Review: New York, I Love You

New York, I Love You | Various directors, 2009

Although there were anthology films before Paris, je t’aime, I found the concept of making a movie about love stories centered around a city, directed by many talented individuals, to be rather refreshing and interesting.In the end, as expected, not all shorts turned out to be good, but the product as a whole was satisfying. In fact, some of the short I still remember clearly to this day. This is what made me greatly anticipate New York, I Love You, which is from the same producer and is supposed to be part of a series. However, it did not quite live up to my expectations.

Like Paris, New York is made up of many short films by many talented individuals (and Brett Ratner) that focus on love stories around the city. My favorite short of them all, was the last one directed by Joshua Marston and starring Cloris Leachman and Eli Wallach as an old married couple celebrating their anniversary. The performances in it are so great, and the dialogue is so engaging that I could not  help but love it. Others I loved were the one directed by Shekhar Kapur and starring Julie Christie, Shia LaBeouf, and William Hurt about a former opera singer who may be planning to kill herself; the one by Brett Ratner with Anton Yelchin, Olivia Thrilby, Blake Lively, and James Caan about a boy who is dumped on the day of the prom and a pharmacist who offers his daughter to go with him (aesthetically it is an eye-sore, but the story is cute); and Yvann Attal’s starring Chris Cooper and  Robin Wright-Penn as people chatting outside a restaurant.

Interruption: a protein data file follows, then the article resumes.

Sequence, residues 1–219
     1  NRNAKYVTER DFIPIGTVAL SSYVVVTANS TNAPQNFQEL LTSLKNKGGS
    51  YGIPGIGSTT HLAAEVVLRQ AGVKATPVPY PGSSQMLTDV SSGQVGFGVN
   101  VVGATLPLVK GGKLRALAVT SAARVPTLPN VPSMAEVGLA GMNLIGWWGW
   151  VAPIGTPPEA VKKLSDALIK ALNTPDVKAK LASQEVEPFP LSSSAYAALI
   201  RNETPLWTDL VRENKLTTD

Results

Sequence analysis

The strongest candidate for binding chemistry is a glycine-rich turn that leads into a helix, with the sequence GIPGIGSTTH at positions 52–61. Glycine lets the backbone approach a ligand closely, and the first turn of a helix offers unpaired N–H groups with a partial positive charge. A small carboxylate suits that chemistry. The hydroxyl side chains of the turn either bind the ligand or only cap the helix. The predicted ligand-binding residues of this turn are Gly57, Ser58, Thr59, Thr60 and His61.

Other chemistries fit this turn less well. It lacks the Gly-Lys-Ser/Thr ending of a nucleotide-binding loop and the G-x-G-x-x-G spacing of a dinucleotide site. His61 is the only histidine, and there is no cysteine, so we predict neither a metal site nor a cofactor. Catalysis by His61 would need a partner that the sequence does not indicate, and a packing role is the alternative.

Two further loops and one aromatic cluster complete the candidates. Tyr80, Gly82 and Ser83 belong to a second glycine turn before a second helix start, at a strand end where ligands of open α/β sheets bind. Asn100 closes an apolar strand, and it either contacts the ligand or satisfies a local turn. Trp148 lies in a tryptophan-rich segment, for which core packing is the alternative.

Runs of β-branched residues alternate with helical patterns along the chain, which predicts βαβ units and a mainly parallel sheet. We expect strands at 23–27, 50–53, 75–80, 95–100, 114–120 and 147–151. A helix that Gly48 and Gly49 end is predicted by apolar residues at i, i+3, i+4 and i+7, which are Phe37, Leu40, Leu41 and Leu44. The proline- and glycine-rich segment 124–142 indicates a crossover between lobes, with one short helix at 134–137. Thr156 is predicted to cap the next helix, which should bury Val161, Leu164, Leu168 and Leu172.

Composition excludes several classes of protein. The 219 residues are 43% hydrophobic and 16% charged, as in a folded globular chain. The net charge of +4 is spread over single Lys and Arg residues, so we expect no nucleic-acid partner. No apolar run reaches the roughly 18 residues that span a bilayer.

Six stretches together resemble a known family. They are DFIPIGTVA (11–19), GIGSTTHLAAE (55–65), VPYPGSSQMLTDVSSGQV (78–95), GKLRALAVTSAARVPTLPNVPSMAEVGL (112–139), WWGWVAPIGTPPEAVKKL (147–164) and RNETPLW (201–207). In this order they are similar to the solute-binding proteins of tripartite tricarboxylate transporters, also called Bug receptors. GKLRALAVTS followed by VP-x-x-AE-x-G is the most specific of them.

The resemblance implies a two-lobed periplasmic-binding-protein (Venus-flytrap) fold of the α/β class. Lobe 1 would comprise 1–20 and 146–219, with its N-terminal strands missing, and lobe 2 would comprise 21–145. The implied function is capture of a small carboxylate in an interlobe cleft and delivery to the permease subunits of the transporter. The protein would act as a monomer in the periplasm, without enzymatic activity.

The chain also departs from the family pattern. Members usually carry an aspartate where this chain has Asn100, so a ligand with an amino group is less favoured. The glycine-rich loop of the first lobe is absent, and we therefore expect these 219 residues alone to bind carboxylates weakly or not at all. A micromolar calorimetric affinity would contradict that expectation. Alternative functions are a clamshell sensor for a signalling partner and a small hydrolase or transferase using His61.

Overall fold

The thing about these shorts that I liked is that not one of them can compare to the ones I liked the most in Paris, je t’aime. This is because all of these were way too grounded on reality and were visually creative. In Paris, there was the short about the vampire, the one about the mimes, and the one directed by the Coens that were creative in terms of story telling and visually. The only one in New York that stood out visually was Shekhar Kapur’s. Plus, my favorite in Paris, Alexander Payne’s one, very much grounded in reality, had way more heart than any of the reality-based shorts.

Another fault that this film had, was that it tried to bring the story together with transitions that involved the character of the shorts. These transitions were either too distracting or brought back some unpleasant memories.

With that said, I had a great time watching this. With very little time for each short, most of the characters were greatly developed (take note Valentine’s Day). Sure, not every short is great, but there is more good than bad here. It is no Paris, je t’aime, but it is well worth a look.


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